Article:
Michigan regulators on Thursday issued 13 additional medical marijuana businesses licenses in a bid to boost approvals before an Oct. 31 deadline for the state to implement stricter MMJ regulations.
Regulators are requiring existing MMJ businesses to have their new state licenses by the end of the month, or close until they receive one.
With the latest approvals, the state has now issued a total of 50 licenses in what is one of the country’s largest MMJ markets.
Several hundred applications remain in various stages of the application process, according to state figures. The licensing board has scheduled a meeting for Oct. 29 to issue more licenses before the deadline.
Here’s the breakdown of permanent licenses issued so far under Michigan’s new regulatory framework:
- 29 dispensaries, or so-called called medical “marihuana” provisioning centers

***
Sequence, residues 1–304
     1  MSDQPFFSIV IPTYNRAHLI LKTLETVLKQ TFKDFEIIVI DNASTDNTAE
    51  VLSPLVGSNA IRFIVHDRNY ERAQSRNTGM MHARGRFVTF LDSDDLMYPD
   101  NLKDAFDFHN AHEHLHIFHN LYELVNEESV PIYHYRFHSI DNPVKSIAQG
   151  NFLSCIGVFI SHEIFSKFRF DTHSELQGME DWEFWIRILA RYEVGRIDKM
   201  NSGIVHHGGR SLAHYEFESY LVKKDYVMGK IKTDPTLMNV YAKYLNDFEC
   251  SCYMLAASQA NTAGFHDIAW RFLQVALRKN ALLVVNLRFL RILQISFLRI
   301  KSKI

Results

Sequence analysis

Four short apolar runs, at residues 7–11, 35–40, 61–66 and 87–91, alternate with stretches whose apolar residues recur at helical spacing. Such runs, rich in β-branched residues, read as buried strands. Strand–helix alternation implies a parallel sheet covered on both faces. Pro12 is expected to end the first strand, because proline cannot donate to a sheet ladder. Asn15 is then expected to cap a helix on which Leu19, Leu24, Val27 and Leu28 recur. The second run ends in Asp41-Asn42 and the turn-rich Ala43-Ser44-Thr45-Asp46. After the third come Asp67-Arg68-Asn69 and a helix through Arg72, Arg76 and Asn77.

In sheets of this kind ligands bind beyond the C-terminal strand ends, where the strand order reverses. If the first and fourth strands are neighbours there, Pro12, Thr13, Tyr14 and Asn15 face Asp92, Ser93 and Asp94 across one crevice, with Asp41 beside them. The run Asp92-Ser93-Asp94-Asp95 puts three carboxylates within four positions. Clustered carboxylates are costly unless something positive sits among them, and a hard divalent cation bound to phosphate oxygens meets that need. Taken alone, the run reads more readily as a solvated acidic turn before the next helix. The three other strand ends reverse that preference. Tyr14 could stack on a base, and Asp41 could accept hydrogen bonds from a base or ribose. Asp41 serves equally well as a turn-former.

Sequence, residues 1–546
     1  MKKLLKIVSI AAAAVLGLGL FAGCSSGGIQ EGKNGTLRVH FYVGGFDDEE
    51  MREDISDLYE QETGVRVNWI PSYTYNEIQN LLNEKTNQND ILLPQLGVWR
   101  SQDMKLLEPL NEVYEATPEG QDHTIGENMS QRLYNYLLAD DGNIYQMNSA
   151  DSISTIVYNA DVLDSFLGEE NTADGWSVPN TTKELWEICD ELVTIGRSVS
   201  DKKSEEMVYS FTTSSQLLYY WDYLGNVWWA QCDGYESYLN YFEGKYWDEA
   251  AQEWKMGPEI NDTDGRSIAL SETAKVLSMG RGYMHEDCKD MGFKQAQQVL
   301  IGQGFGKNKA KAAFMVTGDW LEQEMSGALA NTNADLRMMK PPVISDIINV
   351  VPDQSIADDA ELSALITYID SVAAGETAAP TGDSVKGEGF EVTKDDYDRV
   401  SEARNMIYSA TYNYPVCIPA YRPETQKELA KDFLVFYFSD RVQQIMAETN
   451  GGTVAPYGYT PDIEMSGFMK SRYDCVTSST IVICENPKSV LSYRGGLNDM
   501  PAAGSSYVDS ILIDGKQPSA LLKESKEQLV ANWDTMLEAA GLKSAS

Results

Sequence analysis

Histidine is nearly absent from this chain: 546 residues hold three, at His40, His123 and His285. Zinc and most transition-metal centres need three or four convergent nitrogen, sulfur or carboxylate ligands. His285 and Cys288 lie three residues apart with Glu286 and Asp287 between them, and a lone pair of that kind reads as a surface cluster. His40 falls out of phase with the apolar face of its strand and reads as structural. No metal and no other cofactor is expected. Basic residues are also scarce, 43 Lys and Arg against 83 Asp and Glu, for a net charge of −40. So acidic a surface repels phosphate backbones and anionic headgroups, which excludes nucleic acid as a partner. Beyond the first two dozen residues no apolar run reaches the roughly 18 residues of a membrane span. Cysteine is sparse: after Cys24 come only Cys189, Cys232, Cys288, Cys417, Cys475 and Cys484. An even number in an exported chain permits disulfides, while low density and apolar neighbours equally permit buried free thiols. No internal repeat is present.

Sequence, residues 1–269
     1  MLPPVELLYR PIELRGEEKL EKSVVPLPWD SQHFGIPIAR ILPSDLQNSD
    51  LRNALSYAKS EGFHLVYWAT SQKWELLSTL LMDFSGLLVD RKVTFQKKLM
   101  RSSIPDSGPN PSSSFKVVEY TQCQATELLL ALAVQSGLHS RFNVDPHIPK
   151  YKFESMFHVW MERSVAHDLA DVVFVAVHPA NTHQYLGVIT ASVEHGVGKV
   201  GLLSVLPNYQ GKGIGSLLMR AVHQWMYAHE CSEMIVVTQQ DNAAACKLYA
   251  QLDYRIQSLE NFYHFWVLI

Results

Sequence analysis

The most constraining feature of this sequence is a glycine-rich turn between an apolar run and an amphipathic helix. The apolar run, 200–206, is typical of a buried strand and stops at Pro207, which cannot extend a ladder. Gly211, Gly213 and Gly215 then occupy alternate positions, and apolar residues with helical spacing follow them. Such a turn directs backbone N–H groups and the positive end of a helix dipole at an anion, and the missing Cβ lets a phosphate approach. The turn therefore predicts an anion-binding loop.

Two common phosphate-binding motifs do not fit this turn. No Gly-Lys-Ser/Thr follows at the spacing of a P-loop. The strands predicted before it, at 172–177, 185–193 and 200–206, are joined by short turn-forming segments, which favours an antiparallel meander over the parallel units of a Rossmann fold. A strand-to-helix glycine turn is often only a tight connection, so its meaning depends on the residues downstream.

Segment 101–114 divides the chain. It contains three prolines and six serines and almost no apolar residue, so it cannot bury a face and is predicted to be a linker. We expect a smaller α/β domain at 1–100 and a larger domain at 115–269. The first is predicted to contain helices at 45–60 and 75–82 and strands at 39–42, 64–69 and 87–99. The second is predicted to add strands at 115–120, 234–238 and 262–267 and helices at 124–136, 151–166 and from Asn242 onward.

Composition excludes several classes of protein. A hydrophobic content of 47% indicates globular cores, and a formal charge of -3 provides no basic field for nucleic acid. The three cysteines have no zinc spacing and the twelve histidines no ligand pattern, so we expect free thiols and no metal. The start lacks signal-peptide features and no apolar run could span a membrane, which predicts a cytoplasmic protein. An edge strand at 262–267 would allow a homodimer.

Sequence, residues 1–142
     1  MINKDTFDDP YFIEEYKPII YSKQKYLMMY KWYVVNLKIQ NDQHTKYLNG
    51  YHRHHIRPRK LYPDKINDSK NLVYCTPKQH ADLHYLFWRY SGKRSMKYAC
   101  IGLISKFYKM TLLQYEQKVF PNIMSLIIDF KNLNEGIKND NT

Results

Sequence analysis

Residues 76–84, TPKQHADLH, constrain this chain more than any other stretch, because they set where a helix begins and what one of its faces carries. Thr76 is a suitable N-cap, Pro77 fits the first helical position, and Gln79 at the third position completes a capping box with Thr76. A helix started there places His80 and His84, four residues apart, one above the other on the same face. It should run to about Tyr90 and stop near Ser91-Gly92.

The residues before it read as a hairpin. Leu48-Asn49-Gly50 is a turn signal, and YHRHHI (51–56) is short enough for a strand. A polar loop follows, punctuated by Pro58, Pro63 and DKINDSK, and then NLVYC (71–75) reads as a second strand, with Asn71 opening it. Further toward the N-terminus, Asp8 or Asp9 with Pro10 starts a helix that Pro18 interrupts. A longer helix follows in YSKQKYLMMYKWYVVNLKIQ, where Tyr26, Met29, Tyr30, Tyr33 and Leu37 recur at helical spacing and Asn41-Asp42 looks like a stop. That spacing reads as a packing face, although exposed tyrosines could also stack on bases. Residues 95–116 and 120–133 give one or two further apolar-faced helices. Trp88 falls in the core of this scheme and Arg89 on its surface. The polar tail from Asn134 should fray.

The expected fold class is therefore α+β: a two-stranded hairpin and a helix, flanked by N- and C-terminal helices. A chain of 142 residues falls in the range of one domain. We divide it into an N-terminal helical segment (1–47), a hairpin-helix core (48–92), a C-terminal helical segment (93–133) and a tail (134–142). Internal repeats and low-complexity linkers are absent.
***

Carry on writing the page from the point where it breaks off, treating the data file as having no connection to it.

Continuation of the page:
- 9 growers
- 5 processors
- 4 testing facilities
- 3 transporters
Advocates have been concerned about potential disruptions in supply and access as Michigan moves to the new regulatory system. As of Oct. 1, Michigan had 297,515 registered patients, according to state officials.
Michigan medical marijuana program spokesman David Harns noted Thursday that 80% of those MMJ cardholders live in a county within 30 miles of a licensed dispensary.
The initiative to allow existing MMJ businesses to remain open temporarily “was intended as a short-term solution with the goal of maintaining patient access while we moved applicants through the licensing process,” Harns wrote in a statement emailed to reporters.
“That objective has been accomplished.”
However, the number of licenses issued pales in comparison to the several hundred MMJ businesses that were operating earlier this year before regulators started tightening the reins.